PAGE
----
Effects of Post-Traumatic Stress Disorder: Living With PTSD Symptoms

You have to be living under a cave or without a television or computer to know that we live in a traumatic world in which horrific events are played out before our eyes nearly every week. Tragically, many people who are victims of trauma suffer from a condition known as post-traumatic stress disorder (PTSD.) In fact, more American military service people are suffering with PTSD today more than ever before, although only 10 percent of them have actually participated in combat.

Besides military combat, PTSD can be the result of accidents, terrorist attacks, natural or man-made disasters, physical attacks or being kidnapped. It can even be caused by receiving a disturbing medical diagnosis. If you’re unfamiliar with PTSD, here are some its effects and what it can be like to suffer from post-traumatic stress disorder. 

On-going Flashbacks

People suffering from distressful events can struggle with on-going flashbacks of their traumatic experiences. In addition to having nightmares during sleep, they can also battle daytime flashbacks that can be so authentic that it can seem as if they’re reliving through the event.

Ordinary, everyday occurrences can serve as triggers. Something as simple as rainfall can set off a flashback for someone who has survived an automobile crash that occurred during rainy weather.

Hypervigilance

People who live with post-traumatic stress disorder cannot take a break from staying alert for danger. This condition, which is known as “hypervigilance,” can cause extreme anxiety. As a result, it can be very difficult to fall or stay asleep. Hypervigilance, which is enhanced sensitivity, is obvious to others who observe signs of irritability and agitation in people with PTSD.

Avoidance

It’s common for people who have PTSD to use distractions as an escape for constantly having to relive their unpleasant experiences. Some people simply refuse to discuss what happened to them. Others find hobbies to keep them distracted, so they don’t have to think about their experiences.

Sometimes, people delve into their work, putting in long hours at their jobs. Being overly obsessed in working crosswords puzzles or aimlessly staring at a TV or computer screen for hours can be another way to avoid recalling a painful image or memory.

Feeling Numb

Many victims of PTSD try to manage their pain by shutting down emotionally, meaning they try not to feel anything. Emotional numbness can entail not talking with other people out of fear of having to review painful happenings. As a result, it can be challenging for co-workers and family members to work or live with PTSD victims.

Physical Effects

Not only can PTSD affect people mentally, but it can also cause physical symptoms. Some of the most common physical symptoms linked with PTSD include diarrhea, muscle aches, headaches and irregular heartbeats.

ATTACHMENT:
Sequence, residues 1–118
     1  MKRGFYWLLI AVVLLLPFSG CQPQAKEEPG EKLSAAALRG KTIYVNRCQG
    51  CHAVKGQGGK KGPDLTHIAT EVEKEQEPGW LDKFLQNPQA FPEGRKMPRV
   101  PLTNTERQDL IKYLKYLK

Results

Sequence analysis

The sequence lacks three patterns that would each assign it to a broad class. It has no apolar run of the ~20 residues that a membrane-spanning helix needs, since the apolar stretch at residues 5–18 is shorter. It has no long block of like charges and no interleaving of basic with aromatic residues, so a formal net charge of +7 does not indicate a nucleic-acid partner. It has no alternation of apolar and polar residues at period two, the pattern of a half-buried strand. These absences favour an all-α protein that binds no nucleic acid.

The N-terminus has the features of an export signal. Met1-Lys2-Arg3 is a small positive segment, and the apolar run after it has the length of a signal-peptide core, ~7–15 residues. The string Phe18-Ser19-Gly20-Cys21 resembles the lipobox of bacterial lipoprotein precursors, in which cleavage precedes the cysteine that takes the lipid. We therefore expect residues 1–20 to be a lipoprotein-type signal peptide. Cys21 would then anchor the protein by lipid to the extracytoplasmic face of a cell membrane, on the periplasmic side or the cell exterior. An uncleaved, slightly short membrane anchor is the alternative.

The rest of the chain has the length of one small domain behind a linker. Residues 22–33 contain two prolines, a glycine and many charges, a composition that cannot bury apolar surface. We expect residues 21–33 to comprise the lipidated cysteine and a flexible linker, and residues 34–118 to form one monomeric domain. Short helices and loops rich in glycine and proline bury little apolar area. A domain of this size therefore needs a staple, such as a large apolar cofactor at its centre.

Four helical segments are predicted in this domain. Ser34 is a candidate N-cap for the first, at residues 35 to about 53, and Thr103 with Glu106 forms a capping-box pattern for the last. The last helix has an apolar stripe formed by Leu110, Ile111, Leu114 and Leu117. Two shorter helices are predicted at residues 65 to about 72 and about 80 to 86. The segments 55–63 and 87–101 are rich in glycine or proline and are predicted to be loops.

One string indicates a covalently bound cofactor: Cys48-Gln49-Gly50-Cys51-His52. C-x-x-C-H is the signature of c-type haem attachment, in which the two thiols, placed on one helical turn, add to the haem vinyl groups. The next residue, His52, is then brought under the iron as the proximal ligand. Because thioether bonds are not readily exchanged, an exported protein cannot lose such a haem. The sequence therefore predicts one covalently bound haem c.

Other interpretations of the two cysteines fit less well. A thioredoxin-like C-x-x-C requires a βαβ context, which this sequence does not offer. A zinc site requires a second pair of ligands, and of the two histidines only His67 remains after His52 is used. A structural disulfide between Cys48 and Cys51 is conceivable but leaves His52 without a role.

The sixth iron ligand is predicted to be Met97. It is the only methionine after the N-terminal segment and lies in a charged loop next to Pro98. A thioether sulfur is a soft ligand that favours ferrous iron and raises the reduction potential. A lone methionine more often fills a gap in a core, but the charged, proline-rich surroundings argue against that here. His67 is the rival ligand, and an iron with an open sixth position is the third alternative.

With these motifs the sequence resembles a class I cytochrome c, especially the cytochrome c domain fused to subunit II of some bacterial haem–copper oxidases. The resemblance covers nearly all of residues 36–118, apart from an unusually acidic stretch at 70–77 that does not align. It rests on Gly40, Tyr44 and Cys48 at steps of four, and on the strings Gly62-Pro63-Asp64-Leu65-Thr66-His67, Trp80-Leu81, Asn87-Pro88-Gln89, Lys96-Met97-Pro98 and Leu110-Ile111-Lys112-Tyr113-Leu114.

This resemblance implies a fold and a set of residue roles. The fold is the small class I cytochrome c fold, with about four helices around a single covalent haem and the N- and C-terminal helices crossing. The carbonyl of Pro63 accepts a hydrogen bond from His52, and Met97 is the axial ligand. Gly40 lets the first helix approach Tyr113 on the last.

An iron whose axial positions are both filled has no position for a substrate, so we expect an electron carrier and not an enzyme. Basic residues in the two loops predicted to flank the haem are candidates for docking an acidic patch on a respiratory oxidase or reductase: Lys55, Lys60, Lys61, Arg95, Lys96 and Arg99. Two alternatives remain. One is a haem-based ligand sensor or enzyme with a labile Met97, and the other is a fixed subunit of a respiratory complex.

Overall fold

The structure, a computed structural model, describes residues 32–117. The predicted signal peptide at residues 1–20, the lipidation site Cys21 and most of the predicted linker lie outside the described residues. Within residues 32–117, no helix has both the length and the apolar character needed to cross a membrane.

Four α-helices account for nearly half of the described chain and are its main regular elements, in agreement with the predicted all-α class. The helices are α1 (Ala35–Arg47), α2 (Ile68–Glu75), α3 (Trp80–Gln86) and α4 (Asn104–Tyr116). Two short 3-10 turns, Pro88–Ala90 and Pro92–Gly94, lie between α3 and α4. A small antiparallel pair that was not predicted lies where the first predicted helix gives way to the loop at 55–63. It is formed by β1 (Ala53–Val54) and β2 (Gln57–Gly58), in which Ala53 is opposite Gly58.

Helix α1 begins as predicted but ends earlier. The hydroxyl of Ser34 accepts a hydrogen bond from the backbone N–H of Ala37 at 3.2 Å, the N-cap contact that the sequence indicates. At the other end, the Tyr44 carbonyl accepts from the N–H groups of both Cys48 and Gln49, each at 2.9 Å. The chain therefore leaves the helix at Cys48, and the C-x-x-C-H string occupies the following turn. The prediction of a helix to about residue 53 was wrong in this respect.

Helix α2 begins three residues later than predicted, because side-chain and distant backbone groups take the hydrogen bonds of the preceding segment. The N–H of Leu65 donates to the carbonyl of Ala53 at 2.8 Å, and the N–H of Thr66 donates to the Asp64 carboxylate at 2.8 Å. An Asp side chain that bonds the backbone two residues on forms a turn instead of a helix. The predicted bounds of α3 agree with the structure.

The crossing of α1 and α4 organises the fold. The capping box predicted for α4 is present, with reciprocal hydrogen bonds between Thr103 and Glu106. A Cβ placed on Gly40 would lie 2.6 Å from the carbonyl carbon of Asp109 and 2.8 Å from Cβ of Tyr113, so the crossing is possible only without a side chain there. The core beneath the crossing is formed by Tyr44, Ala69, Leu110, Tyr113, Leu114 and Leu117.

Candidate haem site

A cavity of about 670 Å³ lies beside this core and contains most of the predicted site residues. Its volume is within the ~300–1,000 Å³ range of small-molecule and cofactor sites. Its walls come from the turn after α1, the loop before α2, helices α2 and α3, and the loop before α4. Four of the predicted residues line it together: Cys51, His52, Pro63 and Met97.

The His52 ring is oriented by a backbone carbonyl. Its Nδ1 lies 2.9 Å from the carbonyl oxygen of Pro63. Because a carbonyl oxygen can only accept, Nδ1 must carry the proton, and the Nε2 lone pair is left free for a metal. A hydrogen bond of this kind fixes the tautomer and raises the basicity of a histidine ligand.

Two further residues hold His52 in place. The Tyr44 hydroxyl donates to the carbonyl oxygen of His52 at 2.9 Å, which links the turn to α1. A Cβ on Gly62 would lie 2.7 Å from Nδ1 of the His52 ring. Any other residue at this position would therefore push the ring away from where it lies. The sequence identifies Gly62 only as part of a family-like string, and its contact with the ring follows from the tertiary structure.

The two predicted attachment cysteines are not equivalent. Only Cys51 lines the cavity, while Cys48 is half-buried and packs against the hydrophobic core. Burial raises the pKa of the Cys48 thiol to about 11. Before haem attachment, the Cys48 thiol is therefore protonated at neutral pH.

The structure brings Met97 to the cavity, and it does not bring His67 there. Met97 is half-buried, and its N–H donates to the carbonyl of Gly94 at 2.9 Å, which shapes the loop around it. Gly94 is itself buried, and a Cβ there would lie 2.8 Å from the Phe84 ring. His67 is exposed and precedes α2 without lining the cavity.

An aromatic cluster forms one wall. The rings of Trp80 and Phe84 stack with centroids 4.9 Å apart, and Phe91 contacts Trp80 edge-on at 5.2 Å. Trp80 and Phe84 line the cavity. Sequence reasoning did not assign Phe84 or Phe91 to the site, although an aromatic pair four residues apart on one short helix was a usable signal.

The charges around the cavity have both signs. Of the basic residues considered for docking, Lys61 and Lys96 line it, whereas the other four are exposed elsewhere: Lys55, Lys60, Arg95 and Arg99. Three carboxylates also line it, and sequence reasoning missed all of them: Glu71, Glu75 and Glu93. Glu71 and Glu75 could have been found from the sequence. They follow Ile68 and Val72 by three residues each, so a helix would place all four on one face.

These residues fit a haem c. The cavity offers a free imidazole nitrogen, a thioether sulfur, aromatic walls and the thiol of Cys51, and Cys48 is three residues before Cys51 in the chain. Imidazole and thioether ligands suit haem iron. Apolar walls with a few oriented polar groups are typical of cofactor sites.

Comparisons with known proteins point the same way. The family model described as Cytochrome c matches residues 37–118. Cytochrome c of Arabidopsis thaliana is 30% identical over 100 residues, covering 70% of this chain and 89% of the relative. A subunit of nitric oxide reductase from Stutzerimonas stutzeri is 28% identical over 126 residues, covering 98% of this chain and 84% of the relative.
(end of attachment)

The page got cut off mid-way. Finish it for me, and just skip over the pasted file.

Studies have shown that PTSD can also compromise a person’s physical condition. For example, children suffering from neglect and abuse are more likely to develop ischemic heart disease, cancer and chronic lung disease.

There’s a strong link between going through trauma and needing more medical care for treating physical issues. Women who’ve undergone abuse in childhood tend to especially have more health issues than those who were not mistreated when they were young.

Furthermore, research has indicated that PTSD can affect a person’s musculoskeletal and gastrointestinal systems. Most of these studies involved veterans, even though there also have been studies of civilians with PTSD who’ve suffered from gastrointestinal symptoms.

Considerations and Warnings

  • Common PTSD symptoms can emerge right after a traumatic occurrence. But in most cases, they typically start within six months following the experience.
  • PTSD can cause people to lose interest in things that they once found enjoyable.
  • Children with PTSD can worry about not living long enough to see adulthood.
  • Often people who struggle with PTSD suffer from depression, eating disorders and substance abuse.
  • Just witnessing or hearing about a traumatic experience of a close friend or family member can cause a person to develop PTSD.

Fortunately, PTSD can be easily treated. If you’re a therapist, you need to know about a highly successful treatment, known as Accelerated Resolution Therapy (ART). The development of ART‘s Voluntary Image Replacement evolved from traditional psychotherapies that reprogram how disturbing images and memories are stored in the human brain such as Gestalt and CBT among others. Please contact us and learn more about how you can help your clients overcome PTSD.